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  Heat Transfer Through Plasma-Sprayed Thermal Barrier Coatings in Gas Turbines: A Review of Recent Work

Golosnoy, I. O., Cipitria, A., & Clyne, T. W. (2009). Heat Transfer Through Plasma-Sprayed Thermal Barrier Coatings in Gas Turbines: A Review of Recent Work. Journal of Thermal Spray Technology, 18(5), 809-821. doi:10.1007/s11666-009-9337-y.

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Item Permalink: http://hdl.handle.net/11858/00-001M-0000-002E-1876-D Version Permalink: http://hdl.handle.net/11858/00-001M-0000-002E-1878-9
Genre: Journal Article

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Golosnoy, I. O.1, Author
Cipitria, A.2, Author              
Clyne, T. W.1, Author
Affiliations:
1external, ou_persistent22              
2Amaia Cipitria, Biomaterialien, Max Planck Institute of Colloids and Interfaces, Max Planck Society, ou_2489692              

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 Abstract: A review is presented of how heat transfer takes place in plasma-sprayed (zirconia-based) thermal barrier coatings (TBCs) during operation of gas turbines. These characteristics of TBCs are naturally of central importance to their function. Current state-of-the-art TBCs have relatively high levels of porosity (~15%) and the pore architecture (i.e., its morphology, connectivity, and scale) has a strong influence on the heat flow. Contributions from convective, conductive and radiative heat transfer are considered, under a range of operating conditions, and the characteristics are illustrated with experimental data and modeling predictions. In fact, convective heat flow within TBCs usually makes a negligible contribution to the overall heat transfer through the coating, although what might be described as convection can be important if there are gross through-thickness defects such as segmentation cracks. Radiative heat transfer, on the other hand, can be significant within TBCs, depending on temperature and radiation scattering lengths, which in turn are sensitive to the grain structure and the pore architecture. Under most conditions of current interest, conductive heat transfer is largely predominant. However, it is not only conduction through solid ceramic that is important. Depending on the pore architecture, conduction through gas in the pores can play a significant role, particularly at the high gas pressures typically acting in gas turbines (although rarely applied in laboratory measurements of conductivity). The durability of the pore structure under service conditions is also of importance, and this review covers some recent work on how the pore architecture, and hence the conductivity, is affected by sintering phenomena. Some information is presented concerning the areas in which research and development work needs to be focussed if improvements in coating performance are to be achieved.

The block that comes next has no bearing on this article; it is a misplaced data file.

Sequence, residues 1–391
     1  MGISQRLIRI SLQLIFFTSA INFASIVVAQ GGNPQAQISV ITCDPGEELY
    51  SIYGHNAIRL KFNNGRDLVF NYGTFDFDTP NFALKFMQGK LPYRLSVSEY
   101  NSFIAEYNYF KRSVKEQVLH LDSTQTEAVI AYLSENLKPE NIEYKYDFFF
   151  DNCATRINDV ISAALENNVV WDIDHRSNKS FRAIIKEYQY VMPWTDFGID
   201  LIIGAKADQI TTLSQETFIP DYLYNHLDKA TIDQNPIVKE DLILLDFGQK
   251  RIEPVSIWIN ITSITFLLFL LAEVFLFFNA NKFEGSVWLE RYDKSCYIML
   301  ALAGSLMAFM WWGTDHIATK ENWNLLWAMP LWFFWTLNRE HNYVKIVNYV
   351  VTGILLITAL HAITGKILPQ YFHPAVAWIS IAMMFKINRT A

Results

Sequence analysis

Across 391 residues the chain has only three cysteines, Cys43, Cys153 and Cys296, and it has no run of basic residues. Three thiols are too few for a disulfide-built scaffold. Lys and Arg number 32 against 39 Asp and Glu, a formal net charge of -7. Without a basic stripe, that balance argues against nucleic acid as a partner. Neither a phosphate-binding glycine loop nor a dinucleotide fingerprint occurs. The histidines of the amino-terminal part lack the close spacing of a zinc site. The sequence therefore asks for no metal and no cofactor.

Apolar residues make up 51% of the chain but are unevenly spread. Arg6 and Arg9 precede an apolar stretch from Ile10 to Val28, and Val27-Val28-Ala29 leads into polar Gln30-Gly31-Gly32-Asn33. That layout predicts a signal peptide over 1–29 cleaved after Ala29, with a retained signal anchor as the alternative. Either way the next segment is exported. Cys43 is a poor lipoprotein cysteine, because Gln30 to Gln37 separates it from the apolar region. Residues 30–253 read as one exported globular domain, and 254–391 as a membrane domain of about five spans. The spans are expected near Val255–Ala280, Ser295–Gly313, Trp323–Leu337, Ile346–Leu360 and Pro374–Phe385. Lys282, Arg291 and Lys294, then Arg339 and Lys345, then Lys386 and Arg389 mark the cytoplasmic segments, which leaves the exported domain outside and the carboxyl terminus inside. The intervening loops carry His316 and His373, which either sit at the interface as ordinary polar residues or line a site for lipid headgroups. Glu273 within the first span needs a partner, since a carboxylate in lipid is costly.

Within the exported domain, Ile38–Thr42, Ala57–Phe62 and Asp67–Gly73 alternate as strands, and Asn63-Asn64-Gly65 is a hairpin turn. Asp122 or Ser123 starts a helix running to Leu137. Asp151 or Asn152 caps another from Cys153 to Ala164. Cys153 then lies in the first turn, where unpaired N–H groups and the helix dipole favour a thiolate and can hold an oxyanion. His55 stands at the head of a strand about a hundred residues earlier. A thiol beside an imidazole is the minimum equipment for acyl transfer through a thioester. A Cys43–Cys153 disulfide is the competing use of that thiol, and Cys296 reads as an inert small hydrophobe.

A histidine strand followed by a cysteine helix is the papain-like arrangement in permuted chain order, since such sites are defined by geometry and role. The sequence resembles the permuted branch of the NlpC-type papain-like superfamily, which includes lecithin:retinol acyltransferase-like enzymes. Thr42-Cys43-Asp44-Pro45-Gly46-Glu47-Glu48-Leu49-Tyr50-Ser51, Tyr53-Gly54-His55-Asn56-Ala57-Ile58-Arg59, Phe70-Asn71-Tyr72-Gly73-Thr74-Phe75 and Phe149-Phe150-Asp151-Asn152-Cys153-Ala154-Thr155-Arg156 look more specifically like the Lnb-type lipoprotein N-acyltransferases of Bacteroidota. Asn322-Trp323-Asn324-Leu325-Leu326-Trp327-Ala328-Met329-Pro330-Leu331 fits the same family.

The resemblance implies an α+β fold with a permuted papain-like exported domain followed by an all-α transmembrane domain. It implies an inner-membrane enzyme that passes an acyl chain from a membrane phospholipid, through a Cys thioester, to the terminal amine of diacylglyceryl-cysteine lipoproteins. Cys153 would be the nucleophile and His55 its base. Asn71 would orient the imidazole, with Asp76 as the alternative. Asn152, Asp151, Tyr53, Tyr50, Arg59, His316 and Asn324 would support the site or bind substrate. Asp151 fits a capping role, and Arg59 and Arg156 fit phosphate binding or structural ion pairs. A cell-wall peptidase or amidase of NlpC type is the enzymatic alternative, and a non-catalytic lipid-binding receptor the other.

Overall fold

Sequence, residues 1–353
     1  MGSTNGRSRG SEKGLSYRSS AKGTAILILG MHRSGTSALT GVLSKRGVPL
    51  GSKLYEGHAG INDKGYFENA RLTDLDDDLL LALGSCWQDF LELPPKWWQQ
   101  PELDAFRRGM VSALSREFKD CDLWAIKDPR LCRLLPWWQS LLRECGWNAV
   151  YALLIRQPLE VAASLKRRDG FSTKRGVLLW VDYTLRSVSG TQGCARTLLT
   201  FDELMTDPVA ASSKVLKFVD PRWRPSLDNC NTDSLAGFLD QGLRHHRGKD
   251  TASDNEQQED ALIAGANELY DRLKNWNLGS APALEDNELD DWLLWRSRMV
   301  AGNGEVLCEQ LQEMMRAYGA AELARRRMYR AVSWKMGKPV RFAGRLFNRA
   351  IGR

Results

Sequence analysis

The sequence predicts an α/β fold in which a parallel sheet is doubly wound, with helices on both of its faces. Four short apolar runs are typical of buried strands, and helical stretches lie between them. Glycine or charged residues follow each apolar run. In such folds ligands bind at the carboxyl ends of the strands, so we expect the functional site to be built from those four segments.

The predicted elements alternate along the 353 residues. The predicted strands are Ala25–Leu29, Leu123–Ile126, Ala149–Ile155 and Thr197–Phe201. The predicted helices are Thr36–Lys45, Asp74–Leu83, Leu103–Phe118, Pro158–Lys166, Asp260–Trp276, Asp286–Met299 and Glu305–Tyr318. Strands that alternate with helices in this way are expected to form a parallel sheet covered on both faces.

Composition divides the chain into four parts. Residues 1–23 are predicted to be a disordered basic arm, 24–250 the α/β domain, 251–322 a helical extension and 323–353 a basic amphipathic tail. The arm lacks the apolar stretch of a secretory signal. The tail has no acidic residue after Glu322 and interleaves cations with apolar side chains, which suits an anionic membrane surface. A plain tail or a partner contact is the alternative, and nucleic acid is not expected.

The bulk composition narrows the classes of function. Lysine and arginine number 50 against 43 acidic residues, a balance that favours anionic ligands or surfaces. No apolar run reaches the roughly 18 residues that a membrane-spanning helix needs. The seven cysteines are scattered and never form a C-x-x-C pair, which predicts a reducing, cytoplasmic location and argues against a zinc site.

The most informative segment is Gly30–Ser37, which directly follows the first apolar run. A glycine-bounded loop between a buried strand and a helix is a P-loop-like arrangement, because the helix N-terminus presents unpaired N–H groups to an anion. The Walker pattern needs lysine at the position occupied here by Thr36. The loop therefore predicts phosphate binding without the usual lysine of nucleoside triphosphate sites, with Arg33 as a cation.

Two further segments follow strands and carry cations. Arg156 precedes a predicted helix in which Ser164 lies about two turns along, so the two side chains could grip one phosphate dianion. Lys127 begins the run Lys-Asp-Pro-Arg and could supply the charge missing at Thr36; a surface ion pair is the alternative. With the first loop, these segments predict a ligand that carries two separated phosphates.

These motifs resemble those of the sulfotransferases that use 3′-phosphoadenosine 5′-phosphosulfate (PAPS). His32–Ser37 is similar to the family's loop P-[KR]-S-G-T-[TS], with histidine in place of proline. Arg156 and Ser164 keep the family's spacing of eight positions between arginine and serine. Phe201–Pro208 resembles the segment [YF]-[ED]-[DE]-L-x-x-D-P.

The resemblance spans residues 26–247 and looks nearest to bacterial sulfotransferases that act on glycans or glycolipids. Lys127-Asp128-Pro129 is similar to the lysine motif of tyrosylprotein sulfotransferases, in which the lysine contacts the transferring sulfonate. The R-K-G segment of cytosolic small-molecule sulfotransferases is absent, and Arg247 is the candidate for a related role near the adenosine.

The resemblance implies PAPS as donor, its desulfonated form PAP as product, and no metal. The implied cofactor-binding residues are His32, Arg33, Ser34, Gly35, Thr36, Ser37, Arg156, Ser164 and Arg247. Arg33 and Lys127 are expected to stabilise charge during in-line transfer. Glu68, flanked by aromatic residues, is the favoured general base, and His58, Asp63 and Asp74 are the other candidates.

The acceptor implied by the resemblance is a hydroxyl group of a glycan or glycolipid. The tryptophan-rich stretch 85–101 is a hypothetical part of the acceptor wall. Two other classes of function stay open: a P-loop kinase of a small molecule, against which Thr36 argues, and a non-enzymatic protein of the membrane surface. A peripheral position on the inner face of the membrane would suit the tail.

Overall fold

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 Dates: 2009
 Publication Status: Published in print
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 Identifiers: Other: Golosnoy2009
DOI: 10.1007/s11666-009-9337-y
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Title: Journal of Thermal Spray Technology
Source Genre: Journal
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Pages: - Volume / Issue: 18 (5) Sequence Number: - Start / End Page: 809 - 821 Identifier: ISBN: 1544-1016